Wednesday, October 29, 2014

Tuesday, October 28, 2014


Every time I wear my Spock's Beard cap, I get abuse for being a San Francisco Giants fan (far from it-go Phillies!).

The cap is black with the above logo in the same orange color as the SF baseball team.

And since it is no longer offered for sale on the band site, I am guessing it is now a collector's item!

I sometimes come a cross duplicate CD's in my collection and sell them off online.

A gentleman (Steve) from the United Kingdom inquired about the Tubes CD I had recently listed.

I stopped shipping overseas due to problems with lost shipments-it's one thing to refund the sale price of the CD (I bought them so long ago I am not actually out any money), but the postage is kind of pricey and that's a real cash outlay. And me being an accountant and all...

Anyway, Steve was going to be in the Phoenix area so he asked if he could pick the disc up.

He came to downtown Tempe, and I walked outside to give him the disc (the Now album in case you're a stickler for details). Since the sun was out and I was going to go get lunch, I had my SB cap on.

Steve took one look and said "You must be a prog rock fan with a Spock's Beard hat."

So the average American would mistake this cap with the logo of a California band for a sport's team's logo, but a man from a continent and an ocean away (5,264 air miles if you're counting) knew it right away.

I have always been a little envious of the music scene in the UK (actually most of Europe), because it seems that their fans support music of all types, where here in the US, it's pretty much rap or country, with a little One Direction thrown in for the kiddies.

The one advantage to being a fan of acts that do not sell out stadiums acts is the feeling of community.

With the music business being what it is, these bands count on the support of their fan base-for them, the business is pretty much what it was before recorded music-they perform, they get paid.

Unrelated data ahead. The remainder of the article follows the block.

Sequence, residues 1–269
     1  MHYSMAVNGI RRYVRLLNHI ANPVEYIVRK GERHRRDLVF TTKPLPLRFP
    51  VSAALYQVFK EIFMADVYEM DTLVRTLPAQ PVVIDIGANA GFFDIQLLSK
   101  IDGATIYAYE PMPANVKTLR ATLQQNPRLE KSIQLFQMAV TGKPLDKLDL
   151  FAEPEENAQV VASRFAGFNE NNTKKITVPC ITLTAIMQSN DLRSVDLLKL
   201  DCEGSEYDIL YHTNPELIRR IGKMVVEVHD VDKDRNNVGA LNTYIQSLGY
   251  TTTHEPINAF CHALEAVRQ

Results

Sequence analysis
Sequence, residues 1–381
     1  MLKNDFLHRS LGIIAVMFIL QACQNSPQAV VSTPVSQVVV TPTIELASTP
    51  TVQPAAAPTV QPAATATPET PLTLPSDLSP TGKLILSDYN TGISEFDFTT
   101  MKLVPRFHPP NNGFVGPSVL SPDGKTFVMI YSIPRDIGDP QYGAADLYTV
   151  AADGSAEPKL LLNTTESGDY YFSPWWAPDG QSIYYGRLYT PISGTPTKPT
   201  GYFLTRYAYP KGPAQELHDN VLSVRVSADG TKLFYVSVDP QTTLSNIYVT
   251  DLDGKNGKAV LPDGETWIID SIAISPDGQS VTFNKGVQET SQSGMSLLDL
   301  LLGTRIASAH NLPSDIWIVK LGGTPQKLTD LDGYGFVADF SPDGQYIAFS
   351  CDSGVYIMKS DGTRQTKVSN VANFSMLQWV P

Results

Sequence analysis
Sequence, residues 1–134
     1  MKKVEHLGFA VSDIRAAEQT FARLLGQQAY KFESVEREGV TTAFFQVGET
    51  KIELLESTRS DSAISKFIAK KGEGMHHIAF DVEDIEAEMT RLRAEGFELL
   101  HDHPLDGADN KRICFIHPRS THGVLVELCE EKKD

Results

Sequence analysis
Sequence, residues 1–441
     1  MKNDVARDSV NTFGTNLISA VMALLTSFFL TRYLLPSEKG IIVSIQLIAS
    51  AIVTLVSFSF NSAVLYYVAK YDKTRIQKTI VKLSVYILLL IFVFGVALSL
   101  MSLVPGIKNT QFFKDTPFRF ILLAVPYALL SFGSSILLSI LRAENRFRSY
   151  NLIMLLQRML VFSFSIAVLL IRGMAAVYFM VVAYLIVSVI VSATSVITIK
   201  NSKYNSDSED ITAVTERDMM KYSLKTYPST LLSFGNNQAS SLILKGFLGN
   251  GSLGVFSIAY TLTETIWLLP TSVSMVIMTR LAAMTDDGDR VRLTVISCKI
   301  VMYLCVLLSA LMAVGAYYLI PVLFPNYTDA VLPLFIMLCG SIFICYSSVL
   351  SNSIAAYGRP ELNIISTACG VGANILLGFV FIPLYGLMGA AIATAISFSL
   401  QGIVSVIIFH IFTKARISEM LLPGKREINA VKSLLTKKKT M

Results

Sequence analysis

And it shows in how they treat their patrons.

Not only are the bands gracious to their fans, but the other fans are quite decent to each other as well.

I recognize faces at many of the shows I go to-Todd Rundgren and Spock's Beard have fans who are willing to pack an overnight bag to see a show-and have made friendships with some pretty nice people from around the US, and now one across the pond.

At a recent show in Chicago, I reconnected with a gentleman I'd met on the cruise stop in the Bahamas, as well as met three different couples from the city, and a fellow traveler (from Denver).

As it turns out, music can actually bring people together.

And connecting with other people is really what it's all about.

I'd guess that is less likely to happen at a Katy Perry concert.

Although not many prog bands look this good topless...

Wednesday, October 15, 2014


I am going to make this short and sweet.

Two versions. One song. You pick.

If you think this is a pointless exercise, blame these two bloggers:

Far Away Series


If you like the idea, these guys are bandwagon jumpers like me:

Tossing It Out

Your Daily Dose

And those who came after:

Curious As A Cathy

The Creative Outlet of Stratplayer

The Sound Of One Hand Typing

I know I posted about this song at some point in the past, but I do not think it has made it onto a BOTB yet.

A lot of rock and roll guitarists cite the old blues masters as key influences.

“Black Betty” is a 20th-century African-American work song often credited to Huddie "Lead Belly" Ledbetter, although the earliest recordings are not by him. 

Some sources claim it is one of Lead Belly's many adaptations of earlier folk material.